Argonne Labs is a national resource, part of the Department of Energy, that conducts well documented engineering studies including the BMW i3-REx.

So here are the datafiles of interest:
61504034SSS 0-80-0 0% Grade6.24
61504059UDDS #1, Ph 1+27.43450.165
61504060UDDS #2, Ph 1+27.4851.60.145
61504061UDDS #3, Ph 1+27.4850.70.147
61504062Hwyx2 with Coastdowns Ph 210.2450.40.203
61504063US06x2, Ph 3+48.0336.40.221

Vehicle Efficiency

For vehicle efficiency, test 61504034, as the speed sweeps from 0-80-0 mph:

The dyno merics provides the kW as a function of speed. So we can map the miles per kWh, exactly the same metric reported by the BMW i3-REx.

This chart was used to adjust earlier benchmarks and has been confirmed in the field.

REx Efficiency

To looks at the range extender (REx) efficiency, I used 61504062, a highway test with the longest distance:
The available REx power is a function of oil temperature: The REx initally runs at a reduced power level for ~250 seconds (just under 5 minutes.) Once the engine oil temperature reaches 94C, it can output full power, ~20.5kW. This suggests the car should be operated in reduced speed, enough to keep the REx on, ~6kW but not so high as to have the REx turn off.

A typical EPA test consists of two phases: warm-up and for the numbers. So the 600 seconds covers the warm-up and after a 100 second pause, it is repeated starting at seconds 700. The data suggests there are finite number of power bands. The "W/cc" is the watts divided by the fuel cc/second, a measure of power per unit of fuel. But these are not standard metrics such as Brake Specific Fuel Consumption (BSFC).

So plotting the BSFC over the test duration gives:

Converting the "cc/sec" to "g/sec" and the power gives gives BSFC grams per second, divided by the Watts.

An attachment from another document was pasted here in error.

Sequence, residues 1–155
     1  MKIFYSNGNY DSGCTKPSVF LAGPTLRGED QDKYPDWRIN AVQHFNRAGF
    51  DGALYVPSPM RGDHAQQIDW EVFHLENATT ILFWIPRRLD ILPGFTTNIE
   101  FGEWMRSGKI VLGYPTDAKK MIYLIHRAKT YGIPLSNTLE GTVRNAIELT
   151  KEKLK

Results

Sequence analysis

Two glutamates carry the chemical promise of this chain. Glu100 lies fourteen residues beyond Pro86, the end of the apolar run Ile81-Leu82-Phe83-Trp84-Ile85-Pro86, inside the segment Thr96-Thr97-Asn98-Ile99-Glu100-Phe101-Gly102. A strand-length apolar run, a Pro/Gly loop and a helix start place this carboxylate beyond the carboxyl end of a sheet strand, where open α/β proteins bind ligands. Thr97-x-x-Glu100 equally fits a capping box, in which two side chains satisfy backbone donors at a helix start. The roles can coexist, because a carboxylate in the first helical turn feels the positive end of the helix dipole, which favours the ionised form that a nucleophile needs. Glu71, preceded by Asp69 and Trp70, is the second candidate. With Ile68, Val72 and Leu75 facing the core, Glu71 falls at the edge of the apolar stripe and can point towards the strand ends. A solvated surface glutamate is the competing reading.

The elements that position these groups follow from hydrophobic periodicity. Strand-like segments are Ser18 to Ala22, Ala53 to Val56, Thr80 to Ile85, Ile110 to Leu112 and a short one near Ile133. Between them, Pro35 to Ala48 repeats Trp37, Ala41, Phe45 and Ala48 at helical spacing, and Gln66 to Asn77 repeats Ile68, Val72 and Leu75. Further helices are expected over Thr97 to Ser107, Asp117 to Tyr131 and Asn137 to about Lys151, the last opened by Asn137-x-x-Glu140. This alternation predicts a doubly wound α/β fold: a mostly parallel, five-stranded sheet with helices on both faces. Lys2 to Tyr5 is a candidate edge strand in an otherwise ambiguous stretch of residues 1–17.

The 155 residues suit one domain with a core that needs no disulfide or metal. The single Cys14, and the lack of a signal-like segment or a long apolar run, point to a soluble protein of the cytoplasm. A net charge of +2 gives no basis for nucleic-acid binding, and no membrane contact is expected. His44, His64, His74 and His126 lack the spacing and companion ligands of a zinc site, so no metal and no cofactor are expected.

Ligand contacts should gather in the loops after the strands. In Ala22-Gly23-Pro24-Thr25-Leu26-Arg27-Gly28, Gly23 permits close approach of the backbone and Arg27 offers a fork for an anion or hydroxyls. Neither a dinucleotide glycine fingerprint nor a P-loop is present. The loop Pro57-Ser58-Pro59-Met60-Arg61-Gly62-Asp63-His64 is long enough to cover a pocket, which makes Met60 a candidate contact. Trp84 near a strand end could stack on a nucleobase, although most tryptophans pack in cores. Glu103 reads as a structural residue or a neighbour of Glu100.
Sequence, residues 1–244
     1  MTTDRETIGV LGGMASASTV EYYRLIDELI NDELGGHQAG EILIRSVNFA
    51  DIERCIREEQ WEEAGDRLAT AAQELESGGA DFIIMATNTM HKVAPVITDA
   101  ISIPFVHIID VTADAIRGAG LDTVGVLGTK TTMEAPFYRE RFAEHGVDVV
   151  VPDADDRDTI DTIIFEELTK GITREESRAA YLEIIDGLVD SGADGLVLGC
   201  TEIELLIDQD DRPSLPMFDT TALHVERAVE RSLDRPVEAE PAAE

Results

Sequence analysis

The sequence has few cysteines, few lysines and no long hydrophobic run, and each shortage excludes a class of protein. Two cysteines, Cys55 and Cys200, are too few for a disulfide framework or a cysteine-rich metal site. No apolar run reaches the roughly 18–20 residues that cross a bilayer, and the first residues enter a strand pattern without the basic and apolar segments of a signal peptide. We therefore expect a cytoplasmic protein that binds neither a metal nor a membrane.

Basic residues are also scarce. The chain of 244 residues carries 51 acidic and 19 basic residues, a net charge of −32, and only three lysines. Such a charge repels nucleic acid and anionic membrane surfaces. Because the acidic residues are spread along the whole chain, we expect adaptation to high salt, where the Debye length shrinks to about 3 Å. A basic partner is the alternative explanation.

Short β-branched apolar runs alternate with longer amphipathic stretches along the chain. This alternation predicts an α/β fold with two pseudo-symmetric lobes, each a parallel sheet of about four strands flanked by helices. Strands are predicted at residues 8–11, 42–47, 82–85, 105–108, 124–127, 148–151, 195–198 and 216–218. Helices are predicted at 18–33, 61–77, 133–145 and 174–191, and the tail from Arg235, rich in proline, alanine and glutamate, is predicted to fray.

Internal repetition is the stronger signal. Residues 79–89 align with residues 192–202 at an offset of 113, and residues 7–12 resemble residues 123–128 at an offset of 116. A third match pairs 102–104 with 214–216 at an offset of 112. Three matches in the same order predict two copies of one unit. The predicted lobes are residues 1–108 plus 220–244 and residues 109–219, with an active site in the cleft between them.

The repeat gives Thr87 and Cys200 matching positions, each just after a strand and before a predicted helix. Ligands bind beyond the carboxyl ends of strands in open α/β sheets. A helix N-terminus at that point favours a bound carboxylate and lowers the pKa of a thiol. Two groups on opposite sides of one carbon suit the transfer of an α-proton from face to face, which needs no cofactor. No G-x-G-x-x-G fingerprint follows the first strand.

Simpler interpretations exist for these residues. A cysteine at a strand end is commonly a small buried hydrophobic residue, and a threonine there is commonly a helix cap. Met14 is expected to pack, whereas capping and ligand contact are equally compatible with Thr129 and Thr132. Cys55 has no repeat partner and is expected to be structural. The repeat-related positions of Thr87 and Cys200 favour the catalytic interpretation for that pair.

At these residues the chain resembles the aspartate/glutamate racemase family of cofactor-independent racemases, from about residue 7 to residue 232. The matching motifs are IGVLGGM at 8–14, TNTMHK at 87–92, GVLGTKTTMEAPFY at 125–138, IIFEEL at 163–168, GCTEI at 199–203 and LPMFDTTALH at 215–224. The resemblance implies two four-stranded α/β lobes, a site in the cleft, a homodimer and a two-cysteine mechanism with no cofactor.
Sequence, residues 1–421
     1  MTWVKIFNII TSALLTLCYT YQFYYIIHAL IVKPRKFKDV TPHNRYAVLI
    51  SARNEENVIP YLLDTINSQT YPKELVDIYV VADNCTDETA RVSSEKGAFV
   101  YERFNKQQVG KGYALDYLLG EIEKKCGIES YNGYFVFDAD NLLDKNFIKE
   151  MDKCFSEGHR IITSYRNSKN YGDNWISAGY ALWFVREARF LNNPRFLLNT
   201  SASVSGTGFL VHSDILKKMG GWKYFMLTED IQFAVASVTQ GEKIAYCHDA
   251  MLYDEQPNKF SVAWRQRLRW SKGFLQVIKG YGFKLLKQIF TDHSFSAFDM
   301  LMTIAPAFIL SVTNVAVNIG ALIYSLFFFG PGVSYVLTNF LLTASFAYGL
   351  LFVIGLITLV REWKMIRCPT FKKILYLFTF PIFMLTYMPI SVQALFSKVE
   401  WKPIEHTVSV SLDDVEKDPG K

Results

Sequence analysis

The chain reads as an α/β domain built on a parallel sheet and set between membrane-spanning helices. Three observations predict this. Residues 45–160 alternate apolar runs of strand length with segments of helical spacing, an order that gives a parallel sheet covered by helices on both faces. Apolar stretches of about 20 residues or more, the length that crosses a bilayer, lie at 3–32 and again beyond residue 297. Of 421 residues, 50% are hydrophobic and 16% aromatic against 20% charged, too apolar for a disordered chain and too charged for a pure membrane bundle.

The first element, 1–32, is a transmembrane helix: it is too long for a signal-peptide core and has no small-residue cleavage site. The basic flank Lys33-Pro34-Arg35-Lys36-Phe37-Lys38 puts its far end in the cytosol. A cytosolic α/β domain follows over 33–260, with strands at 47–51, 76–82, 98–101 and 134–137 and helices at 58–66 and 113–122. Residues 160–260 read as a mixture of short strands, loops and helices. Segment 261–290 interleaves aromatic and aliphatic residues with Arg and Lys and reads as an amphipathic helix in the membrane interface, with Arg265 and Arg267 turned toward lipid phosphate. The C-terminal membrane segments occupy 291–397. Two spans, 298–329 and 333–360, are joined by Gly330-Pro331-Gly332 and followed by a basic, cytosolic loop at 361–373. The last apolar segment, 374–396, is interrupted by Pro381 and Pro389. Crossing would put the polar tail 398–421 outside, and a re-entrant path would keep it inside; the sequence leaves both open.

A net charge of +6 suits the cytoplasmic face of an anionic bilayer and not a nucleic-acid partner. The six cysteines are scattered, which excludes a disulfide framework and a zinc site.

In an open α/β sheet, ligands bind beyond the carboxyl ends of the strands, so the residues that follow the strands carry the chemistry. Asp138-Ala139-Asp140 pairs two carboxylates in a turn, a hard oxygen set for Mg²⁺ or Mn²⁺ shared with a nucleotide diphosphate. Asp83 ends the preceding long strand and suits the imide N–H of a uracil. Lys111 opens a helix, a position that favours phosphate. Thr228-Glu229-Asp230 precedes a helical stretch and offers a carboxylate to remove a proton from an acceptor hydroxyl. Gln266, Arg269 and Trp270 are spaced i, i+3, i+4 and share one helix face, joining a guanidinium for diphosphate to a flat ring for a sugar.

So scatter plotting the power versus BSFC, we get:

So we see four distinct power groups:

What we can do is identify the flat-land, speed that requires 17kW. Using the earlier 0-80-0 metrics:

Now these are the measured electrical output which is typically 96% of the mechanical energy. This suggests the actual BSFC is about 5% higher. Regardless, this is in the 30% thermoldynamic efficiency range suggesting there may be more, low-hanging fruit. BMW has already announced going to 0-20W engine oil. But cooled Exhaust Gas Recirculation (EGR) is an obvious trick and one I might try.

My first Prius modification was a 1 kW inverter to provide emergency power which we used every year since 2005. So I started research how to do the same modification with our 2014 BMW i3-REx:

Looking at the REx output, it looks good except for the 440W vehicle overhead. Assuming 1kW of 120VAC output and the vehicle overhead, we're looking at generating 1.4kW. Assuming we're looking at 10kWh/gal, 1.0kW / 1.4kW ~= 7.1 kWh/gal. To keep things in perspective, this is the 2003 Prius performance: